CHADWICK: You talk about the moment between before and after. The pictures that you make, these single still images, are practically half a movie in themselves because there's a story that's going on there.
Mr. CREWDSON: Right. But it's a very particular kind of story, actually, because despite the enormous production, there is very little that's actually happening in my photographs. Usually, the narrative is very, very small, a woman sitting in the passenger seat of a car in the middle of a main street of a town and the driver's side door is open. So what makes the picture powerful, hopefully, or mysterious is that that tiny moment is transformed by the sense of light and color.
CHADWICK: By a sense of light and color, but also because you have directed the woman who is sitting there. Is that the actress?
Mr. CREWDSON: Jennifer Jason Leigh is in that photograph.
CHADWICK: You have directed her to have a particular expression on her face. Something has happened, and she is hardly reacting to it at all which in itself is a reaction, isn't it?
Mr. CREWDSON: Yeah. And I like in that picture how small she is and the largeness of the empty town. Yet she has a very powerful presence.
CHADWICK: You've been working in this area for quite a long time, so people know you in and around these towns in Massachusetts. Still, it surprises me the amount of cooperation you're able to get. You do things--like, you went to the town--this town was at Pittsfield--and you said, `I want to set a house on fire.'
Mr. CREWDSON: Right.
CHADWICK: And the response was, `OK, fine. Here's 15 properties that we have and take your pick.'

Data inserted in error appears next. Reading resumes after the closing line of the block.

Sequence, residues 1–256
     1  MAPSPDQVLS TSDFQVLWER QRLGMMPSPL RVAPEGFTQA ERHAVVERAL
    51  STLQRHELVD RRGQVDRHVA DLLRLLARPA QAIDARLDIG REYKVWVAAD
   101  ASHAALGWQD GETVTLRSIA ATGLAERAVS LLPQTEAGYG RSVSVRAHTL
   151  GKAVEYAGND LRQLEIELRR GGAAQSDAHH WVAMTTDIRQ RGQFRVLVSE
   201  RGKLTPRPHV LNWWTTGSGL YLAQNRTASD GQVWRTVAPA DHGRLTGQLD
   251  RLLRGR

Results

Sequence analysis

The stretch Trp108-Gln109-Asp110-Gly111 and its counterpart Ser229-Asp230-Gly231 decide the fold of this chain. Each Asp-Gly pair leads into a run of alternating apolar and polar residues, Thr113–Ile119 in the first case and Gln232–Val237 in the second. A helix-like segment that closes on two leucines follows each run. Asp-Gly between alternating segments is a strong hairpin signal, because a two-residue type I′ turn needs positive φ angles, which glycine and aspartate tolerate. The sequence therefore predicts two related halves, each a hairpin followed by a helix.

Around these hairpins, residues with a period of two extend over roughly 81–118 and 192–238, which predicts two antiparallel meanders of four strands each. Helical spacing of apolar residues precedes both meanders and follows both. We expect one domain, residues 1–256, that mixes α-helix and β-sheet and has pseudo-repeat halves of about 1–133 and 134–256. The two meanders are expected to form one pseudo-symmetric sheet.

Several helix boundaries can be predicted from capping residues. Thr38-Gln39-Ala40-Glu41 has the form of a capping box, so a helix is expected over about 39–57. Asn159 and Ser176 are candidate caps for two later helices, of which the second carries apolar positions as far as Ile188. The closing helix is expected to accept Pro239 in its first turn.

Mr. CREWDSON: Right. Because I've been working in this one area for so long,
I think that you slowly again build a sense of trust and cooperation. And we did have this interesting meeting last year where we sat down with the various town officials and I proposed two photographs. One was the photograph I just spoke about and then I also said, `I'd like to make a photograph of a burning house.' And the fire chief, Chief Duffy, was sitting at the table and I immediately sensed his excitement. And...
CHADWICK: And you don't mean because he was about to arrest an arsonist. He actually was...
Mr. CREWDSON: So the very next day, we were presented with 20 properties, and finally I picked a house that was interesting to me because of its ordinary nature, but also because of its placement in the landscape. Ultimately, we decided not to burn the house down completely and we made that picture about a year ago. I just drove by that house, and it's sitting exactly like we left it with the burn marks and everything.
CHADWICK: How often do you go swimming?
Mr. CREWDSON: I try to go swimming at least four or five times a week. And when I'm in New York, I swim at a pool, but what I really love doing is swimming in lakes. And there's very little time to allow yourself to just sink into your own imagination. And for me, swimming allows me to do that, just to get lost and try to get in touch with my unconscious thoughts.
CHADWICK: Gregory Crewdson, thank you for speaking with us on DAY TO DAY.
Mr. CREWDSON: It was a pleasure. Thank you.
CHADWICK: And again, you can see some of Gregory Crewdson's photos at our Web site, npr.org.
And NPR's DAY TO DAY continues.